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The Curious Savage finds beauty in differences

'The Curious Savage' presented at the Louise Chalmers Theatre LAKESHORE PLAYERS DORVAL PHOTO
'The Curious Savage' presented at the Louise Chalmers Theatre LAKESHORE PLAYERS DORVAL PHOTO

Evy Kartus Solomon and Bryan Libero are on opposite sides of the stage apron for The Curious Savage, Solomon as an actor and Libero as the director.

But they are on the same page when it comes to lauding playwright John Patrick’s desire to banish the stigma attached to mental illness and challenge accepted definitions of what it means to be sane. This is community theatre comedy-drama at its emotional and meaningful best, mounted by Lakeshore Players Dorval at the Louise Chalmers Theatre, 501 St. Jean Blvd. in Pointe Claire from April 28 to May 7.


“The show is set in a place called the Cloisters, a sanatorium for people who can’t function in what they call ‘normal’ society,” says Libero, who has been conducting rehearsals since November.

The playwright, in his foreword, emphasizes that the characters are not lunatics, but guests in a private facility. They are supposed to be played with warmth and charm, while visitors from outside the Cloisters are rendered as humourless stiffs.

“This raises the question of who belongs in such a place? Who really are the weird ones?” asks the director.

The story follows the generous-hearted Ethel Savage, who has been unfairly committed to the Cloisters by her greedy stepchildren. They covet the $10 million left to her by their late father that she has earmarked, to their horror, for a fund to help others realize their dreams.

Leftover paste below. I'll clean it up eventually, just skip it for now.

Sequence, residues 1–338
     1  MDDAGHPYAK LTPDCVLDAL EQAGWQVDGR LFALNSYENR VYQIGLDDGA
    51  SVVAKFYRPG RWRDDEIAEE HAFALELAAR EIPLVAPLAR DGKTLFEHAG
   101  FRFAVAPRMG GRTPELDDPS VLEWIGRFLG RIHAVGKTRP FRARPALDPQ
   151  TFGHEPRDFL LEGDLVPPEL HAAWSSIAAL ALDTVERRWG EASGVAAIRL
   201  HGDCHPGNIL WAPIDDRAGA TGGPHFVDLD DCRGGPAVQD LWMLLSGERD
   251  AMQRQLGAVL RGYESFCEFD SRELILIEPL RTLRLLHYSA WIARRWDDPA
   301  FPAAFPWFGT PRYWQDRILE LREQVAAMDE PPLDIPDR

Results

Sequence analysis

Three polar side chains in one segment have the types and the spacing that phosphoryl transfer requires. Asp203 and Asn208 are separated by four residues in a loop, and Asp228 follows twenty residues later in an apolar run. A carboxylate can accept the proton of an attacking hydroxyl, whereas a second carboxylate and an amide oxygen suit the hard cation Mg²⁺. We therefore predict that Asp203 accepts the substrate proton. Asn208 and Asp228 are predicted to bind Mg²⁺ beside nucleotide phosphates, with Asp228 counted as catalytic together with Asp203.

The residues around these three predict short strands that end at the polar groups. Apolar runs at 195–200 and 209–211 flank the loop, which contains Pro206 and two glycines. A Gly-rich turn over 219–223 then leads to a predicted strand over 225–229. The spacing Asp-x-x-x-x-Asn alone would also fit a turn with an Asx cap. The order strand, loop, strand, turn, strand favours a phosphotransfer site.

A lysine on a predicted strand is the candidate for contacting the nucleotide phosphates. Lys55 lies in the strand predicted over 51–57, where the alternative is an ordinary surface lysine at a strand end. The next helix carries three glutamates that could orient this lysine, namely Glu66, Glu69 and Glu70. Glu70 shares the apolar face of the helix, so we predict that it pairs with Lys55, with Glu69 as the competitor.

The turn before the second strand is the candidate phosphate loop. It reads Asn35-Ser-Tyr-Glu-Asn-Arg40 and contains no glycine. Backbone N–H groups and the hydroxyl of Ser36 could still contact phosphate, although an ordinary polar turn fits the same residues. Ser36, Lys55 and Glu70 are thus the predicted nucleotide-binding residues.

Mrs. Savage manages to make fools of them, and her beloved fellow “inmates” conspire to dispatch them. Meanwhile, audiences get a peek into the causes of their disorders, which range from wartime post-traumatic stress to denial of the loss of an infant.

Solomon plays one of the patients, Mrs. Paddy, whose bullying husband caused her to verbally withdraw from the world, behind her painting easel.

“Trying to flesh out her character is very fulfilling for me. The challenge is I don’t have a lot of dialogue, so I have to be seen and heard in other ways,” says Solomon, whose character is a linchpin in the plot as a mostly silent but expressive observer.

That she’d take on the role of devoutly Catholic Mrs. Paddy is all part of Solomon’s talent for variety. In I am a Camera for Level II Theatre, she played the anti-Semitic Fraulein Schneider.

“Being a Jew, that was the hardest role for me. My late parents were Holocaust survivors,” she says. “The only way I could play her was to look at it as a way of educating the public.”

Libero, who often performs with the Dora Wasserman Yiddish Theatre, had an equally difficult time as a Nazi who guns down a Jew in the streets of Vienna in Soul Doctor at the Segal Centre.

“The happiest part of the closing night show was when I said I never have to put this stupid uniform on again,” he recalls.

Solomon drew upon her Jewishness for the February production Like Mother, Like Daughter at Espace Libre, an improvised documentary performance featuring a dozen Jewish mothers and their real-life daughters.


She is able to bring her day job as a social worker to bear on The Curious Savage.

“I worked in community psychiatry at the Douglas Hospital in the early ’70s, and I had a key to locked wards. For the past four years, I’ve been at Summit School working with the families of developmentally disabled children and giving individual counselling to some of the kids and their teachers.”

Despite the serious and poignant moments of the play, Solomon says, “People won’t feel sad or down afterward. There’s a tremendous amount of humour in it. Whenever you see someone who finds contentment in life after having gone through tragedy, it’s hard not to feel good about it.”

For tickets, call 514-631-8718.

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